The one-dimensionality of Dr Egg himself—in no way able to represent any of the virtues of genetic engineering—is worrying, and not the fault of performer Colin Sneesby. Although Dr Egg and the Man with No Ear is not a play of character complexity (the father is deeply depressed but invested with just enough gravitas by Brian Lucas; Vivi with feeling and pragmatism by Lara Tumak), the issues are complex. Some of this is conveyed—the new ear creature is a living thing and cute, dammit—but insufficiently because that word ‘folly’ seems to hang pre-emptively over the whole enterprise. Snake asks towards the end, “Who is to blame?”, and you wonder, ‘For what, precisely?’. For a daughter’s concern for her suffering father? The narration and the portrayal of the scientist suggest a crime has been perpetrated, the story however suggests something else. I was confused, as were the youngsters around me. This is a play then not about choice, but a wrong choice—and what other is available to Vivi in her world? Oddly, the writer Catherine Fargher, is no stranger to the complexities of biotechnology whether in her account for RealTime of working with tissue culture (RT65, p17) or in her witty performance, Biohome (RT 75, p 34).

Although theatrically sophisticated and expertly realised as such (director Jessica Wilson), Dr Egg and the Man with No Ear is weighed down with message and the mechanics of production. Fargher’s writing ranges from flat to incisive to droll—“Why exercise when you can simply mutate?” The performances are good though a little more complexity all round wouldn’t go astray. Re-worked, better paced and made less internally contradictory, Dr Egg and the Man with No Ear could enjoy a long life as a relevant and magical work for our time.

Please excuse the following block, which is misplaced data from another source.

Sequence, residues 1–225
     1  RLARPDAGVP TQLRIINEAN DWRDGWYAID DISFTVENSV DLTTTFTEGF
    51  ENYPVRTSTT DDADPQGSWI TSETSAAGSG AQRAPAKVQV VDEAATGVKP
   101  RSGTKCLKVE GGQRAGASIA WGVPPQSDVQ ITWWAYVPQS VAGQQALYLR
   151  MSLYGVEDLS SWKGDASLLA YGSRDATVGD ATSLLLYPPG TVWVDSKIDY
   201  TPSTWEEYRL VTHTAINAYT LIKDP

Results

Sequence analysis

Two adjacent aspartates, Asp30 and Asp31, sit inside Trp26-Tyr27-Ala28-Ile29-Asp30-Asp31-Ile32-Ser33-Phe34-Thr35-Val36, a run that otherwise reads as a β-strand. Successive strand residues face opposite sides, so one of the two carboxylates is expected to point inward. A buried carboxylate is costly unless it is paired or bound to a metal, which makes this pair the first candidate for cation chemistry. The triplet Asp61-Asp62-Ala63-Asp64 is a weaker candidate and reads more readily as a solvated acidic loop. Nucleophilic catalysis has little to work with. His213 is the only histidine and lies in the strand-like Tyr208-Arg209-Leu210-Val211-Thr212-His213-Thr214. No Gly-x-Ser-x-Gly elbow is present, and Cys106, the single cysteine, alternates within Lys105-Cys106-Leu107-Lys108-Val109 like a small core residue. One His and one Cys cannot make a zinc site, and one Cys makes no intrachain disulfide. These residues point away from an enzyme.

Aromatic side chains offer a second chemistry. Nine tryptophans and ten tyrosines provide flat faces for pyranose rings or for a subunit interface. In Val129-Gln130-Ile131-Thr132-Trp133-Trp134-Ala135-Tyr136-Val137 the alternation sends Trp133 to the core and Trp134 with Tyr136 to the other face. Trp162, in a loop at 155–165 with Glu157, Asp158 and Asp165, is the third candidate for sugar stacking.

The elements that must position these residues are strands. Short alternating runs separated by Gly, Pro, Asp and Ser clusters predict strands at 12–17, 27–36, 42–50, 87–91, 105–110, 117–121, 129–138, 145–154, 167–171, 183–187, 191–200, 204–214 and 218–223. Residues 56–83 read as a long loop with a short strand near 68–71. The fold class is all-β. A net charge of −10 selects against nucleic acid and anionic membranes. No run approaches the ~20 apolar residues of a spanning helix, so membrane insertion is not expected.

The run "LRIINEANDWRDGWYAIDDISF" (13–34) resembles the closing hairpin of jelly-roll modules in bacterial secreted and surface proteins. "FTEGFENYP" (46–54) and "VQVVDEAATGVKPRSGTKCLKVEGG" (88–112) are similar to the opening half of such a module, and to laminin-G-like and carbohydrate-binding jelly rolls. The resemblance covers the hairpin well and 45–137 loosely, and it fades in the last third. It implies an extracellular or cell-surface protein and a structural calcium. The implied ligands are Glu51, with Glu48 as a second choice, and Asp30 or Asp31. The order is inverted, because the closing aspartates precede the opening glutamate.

Sydney Theatre Company, Love Lies Bleeding, writer Don Delillo, director Lee Lewis, performers Paula Arundell, Max Cullen, Robyn Nevin, Benjamin Winspear, Shaun Goss, designer Fiona Crombie, lighting Luiz Pampolha, composer Paul Charlier; STC Wharf 2, July 12-Sept 1; Company B, Who’s Afraid of Virginia Woolf?, writer Edward Albee, director Benedict Andrews, performers Martin Csokas, Catherine McClements, Robin McLeavy, Simon Stone, designer Robert Cousins, costumes Alice Babidge lighting Niklas Palantji, sound design Jeremy Silver; Belvoir St Theatre, Aug 8-Sept 16; Dr Egg and the Man with No Ear, concept by director Jessica Wilson and writer Catherine Fargher from a story by Fargher, performers Annie Lee, Brian Lucas, Lara Tumak, Colin Sneesby, designer Jonathon Oxlade, animation Jamie Clennett, composer, musician Biddy Connor, composer James Wilkinson, lighting design Phil Lethlean, producer Performing Lines; The Studio, Sydney Opera House, July 25-27

RealTime issue #81 Oct-Nov 2007 pg. 36,

© Keith Gallasch; for permission to reproduce apply to realtime@realtimearts.net

1 October 2007